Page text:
Ava has watched her parents, Caleb and Maggie, live the perfect fairy tale, the perfect love story, played out in front of her eyes her entie life. Her family is love, life, and happiness. The Jacobsons are everything a family should be and Ava is loved and well taken care of. But the one thing that’s missing from her life is the one thing she’s waited for every day, the one thing her kind knows will make them complete, the one thing they thought was gone and lost forever.
Seth has lived with the Watsons his entire life. They’re the only family he knows, but there are things they keep from him. He knows that they lie and they do unspeakable evil, things from when he was a child that he can barely remember that cling to the edges of his memory. He barely remembers his real mother and all he knows is what he’s told. He doesn’t know what to trust. He wants to believe that the Watsons love and care for him, have his best interest at heart, but isn’t so sure of that anymore when he finally-after a lifetime of waiting for her-meets his soulmate, and the Watson’s first act is to try and take her away from him.
The Virtuoso worlds collide, hearts are exposed, humans are endangered, and the lives of Seth and Ava are changed forever. They’ll have to love without judgment or reservation, they’ll have to be wise and accepting beyond their years, they’ll have to forgive for things before they’ve even happened, they’ll have to trust without seeing, have faith without knowing, and they’ll have to light their own way in the dark when everyone else is blind to show them the way. And more than anything else…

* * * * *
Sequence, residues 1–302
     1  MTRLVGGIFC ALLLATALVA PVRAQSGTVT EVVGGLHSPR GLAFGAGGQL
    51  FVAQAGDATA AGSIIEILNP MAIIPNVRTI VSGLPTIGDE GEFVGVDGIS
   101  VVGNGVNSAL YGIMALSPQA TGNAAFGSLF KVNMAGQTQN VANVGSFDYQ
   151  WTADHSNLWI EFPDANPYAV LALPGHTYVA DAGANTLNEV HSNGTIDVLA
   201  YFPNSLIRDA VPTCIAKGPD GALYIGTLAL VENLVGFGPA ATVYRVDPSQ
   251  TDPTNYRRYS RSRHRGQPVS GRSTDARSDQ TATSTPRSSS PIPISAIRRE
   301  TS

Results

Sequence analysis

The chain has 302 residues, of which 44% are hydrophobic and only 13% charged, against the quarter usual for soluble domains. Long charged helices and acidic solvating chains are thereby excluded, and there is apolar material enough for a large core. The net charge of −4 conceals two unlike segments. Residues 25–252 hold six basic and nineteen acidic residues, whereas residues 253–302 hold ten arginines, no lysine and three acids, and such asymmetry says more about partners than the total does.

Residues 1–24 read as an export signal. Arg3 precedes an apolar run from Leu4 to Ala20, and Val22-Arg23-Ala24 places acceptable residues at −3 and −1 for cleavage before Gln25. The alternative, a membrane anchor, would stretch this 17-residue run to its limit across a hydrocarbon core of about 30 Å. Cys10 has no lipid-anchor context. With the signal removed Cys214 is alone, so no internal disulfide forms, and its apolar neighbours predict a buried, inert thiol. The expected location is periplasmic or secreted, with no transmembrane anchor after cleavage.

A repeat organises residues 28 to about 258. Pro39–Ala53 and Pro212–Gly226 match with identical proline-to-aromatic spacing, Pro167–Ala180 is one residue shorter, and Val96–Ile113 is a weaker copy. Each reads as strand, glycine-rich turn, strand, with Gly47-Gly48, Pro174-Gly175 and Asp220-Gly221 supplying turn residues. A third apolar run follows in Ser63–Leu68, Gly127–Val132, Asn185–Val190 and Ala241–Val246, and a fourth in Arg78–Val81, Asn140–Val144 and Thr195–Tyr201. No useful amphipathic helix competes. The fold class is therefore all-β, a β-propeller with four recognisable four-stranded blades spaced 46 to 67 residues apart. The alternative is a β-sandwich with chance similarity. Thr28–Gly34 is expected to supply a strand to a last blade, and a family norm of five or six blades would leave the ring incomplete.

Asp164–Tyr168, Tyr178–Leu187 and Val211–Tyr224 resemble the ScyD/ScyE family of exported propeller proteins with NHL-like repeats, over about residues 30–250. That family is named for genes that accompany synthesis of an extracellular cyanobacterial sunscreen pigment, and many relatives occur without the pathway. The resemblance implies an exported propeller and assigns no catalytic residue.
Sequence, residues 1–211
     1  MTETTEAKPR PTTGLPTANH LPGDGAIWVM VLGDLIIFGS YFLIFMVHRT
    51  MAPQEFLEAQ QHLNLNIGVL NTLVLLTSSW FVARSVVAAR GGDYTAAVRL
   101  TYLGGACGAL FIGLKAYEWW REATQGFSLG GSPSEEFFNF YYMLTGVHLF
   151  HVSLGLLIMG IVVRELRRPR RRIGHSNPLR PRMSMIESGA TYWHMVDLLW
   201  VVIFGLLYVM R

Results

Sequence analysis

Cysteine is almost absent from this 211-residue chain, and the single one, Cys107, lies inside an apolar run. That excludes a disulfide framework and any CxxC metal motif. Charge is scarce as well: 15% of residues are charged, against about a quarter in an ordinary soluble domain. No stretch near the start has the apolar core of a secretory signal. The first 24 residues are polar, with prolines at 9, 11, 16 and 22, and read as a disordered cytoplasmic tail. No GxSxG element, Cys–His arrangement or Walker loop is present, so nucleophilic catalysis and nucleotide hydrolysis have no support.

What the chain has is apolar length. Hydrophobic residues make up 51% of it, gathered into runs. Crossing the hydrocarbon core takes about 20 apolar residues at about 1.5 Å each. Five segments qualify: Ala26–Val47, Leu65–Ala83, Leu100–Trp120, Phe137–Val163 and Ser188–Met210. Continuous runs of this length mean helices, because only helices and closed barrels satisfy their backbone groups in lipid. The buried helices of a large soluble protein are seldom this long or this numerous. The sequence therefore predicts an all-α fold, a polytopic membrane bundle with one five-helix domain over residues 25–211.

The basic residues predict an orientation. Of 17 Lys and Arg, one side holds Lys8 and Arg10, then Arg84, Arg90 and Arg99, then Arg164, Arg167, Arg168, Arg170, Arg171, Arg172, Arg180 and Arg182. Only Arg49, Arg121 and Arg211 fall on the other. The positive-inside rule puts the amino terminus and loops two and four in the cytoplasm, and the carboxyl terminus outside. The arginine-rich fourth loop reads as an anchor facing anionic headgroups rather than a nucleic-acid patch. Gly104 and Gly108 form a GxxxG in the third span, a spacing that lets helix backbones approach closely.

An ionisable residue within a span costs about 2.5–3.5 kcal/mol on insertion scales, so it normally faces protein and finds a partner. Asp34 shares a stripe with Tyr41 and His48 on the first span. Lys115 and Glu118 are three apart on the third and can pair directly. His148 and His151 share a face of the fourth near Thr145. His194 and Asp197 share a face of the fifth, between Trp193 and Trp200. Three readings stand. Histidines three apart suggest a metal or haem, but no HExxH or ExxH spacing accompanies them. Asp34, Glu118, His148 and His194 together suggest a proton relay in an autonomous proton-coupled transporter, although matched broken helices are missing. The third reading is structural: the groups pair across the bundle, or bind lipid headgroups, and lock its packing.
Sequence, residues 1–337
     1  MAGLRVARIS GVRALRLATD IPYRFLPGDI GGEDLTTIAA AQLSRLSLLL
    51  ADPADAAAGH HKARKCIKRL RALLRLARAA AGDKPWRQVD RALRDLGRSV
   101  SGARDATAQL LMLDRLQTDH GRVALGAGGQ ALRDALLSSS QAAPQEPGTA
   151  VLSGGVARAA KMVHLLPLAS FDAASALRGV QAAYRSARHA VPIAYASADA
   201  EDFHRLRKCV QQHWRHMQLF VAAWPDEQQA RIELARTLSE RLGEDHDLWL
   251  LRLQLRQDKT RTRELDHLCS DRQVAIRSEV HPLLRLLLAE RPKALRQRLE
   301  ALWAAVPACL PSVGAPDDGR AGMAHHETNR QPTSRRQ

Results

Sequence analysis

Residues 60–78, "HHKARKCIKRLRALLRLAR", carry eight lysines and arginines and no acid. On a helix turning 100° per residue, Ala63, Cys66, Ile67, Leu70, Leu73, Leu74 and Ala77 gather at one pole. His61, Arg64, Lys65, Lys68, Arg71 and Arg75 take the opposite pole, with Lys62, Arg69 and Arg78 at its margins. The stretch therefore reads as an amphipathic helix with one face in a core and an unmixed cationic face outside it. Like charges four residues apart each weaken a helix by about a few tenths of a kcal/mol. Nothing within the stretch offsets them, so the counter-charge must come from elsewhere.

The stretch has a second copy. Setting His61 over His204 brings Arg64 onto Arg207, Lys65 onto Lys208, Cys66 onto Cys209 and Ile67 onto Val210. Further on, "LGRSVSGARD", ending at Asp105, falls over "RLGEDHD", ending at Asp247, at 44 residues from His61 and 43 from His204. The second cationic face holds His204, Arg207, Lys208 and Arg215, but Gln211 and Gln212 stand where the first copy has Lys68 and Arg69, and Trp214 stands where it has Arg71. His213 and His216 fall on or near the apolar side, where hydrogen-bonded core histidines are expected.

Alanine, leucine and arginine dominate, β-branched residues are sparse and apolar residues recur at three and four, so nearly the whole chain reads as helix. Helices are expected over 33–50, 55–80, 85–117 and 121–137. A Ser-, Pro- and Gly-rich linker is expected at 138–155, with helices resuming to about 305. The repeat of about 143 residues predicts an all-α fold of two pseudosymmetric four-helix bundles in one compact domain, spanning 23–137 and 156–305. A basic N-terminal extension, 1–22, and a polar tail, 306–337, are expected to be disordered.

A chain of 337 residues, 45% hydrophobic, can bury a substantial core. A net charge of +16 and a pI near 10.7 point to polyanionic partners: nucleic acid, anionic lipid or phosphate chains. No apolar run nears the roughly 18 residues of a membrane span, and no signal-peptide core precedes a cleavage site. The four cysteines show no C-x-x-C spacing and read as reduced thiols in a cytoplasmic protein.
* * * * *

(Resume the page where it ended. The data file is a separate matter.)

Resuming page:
…they’ll fight like hell to keep each other.
When I entered the kitchen where the breakfast nook was, everyone stopped eating and talking, which made me feel so uncomfortable until Seth stood up so fast that his chair almost tipped over behind him.
He let his out in a slow, low noise before… “Wow.”
Mom chuckled and leaned back with a smile, clapping twice. “And that, ladies and gentleman, is how it’s done.”
My neck was so pink I could feel it, and Seth—realizing he’d just practically fallen at my feet in front of everyone—smiled that smile that tore through me like tissue paper and then turned it on my mother. She sat up straighter and looked at me with wide eyes.
‘I know’, I mouthed as I moved toward him.
“Eat, Ave,” Dad said, knowing what I was doing.
“I’m going to be late. And it’s the last day of school before winter break.”
“Gee, I wonder why you’re late—” Rodney began. I punched his arm.
“I’ll just take this.” I grabbed a biscuit, stuck a piece of sausage in it, and wrapped it in a napkin. “I’ll eat it,” I promised.
“I’ll make sure she eats,” Seth told them. Mom came and hugged him, telling him something in his ear and he nodded. “Thanks, Mrs. Jacobson. I will. I promise.”
Dad patted his shoulder and told him to make sure to stop by anytime, no invitation needed. Dad went to the counter and started making me a coffee in a to-go cup. I knew he was doing it, because I saw him pull the Hazelnut creamer from the fridge. But I saw him pull out a second to-go cup…and he made it black. How did he already know that Seth took his coffee black?!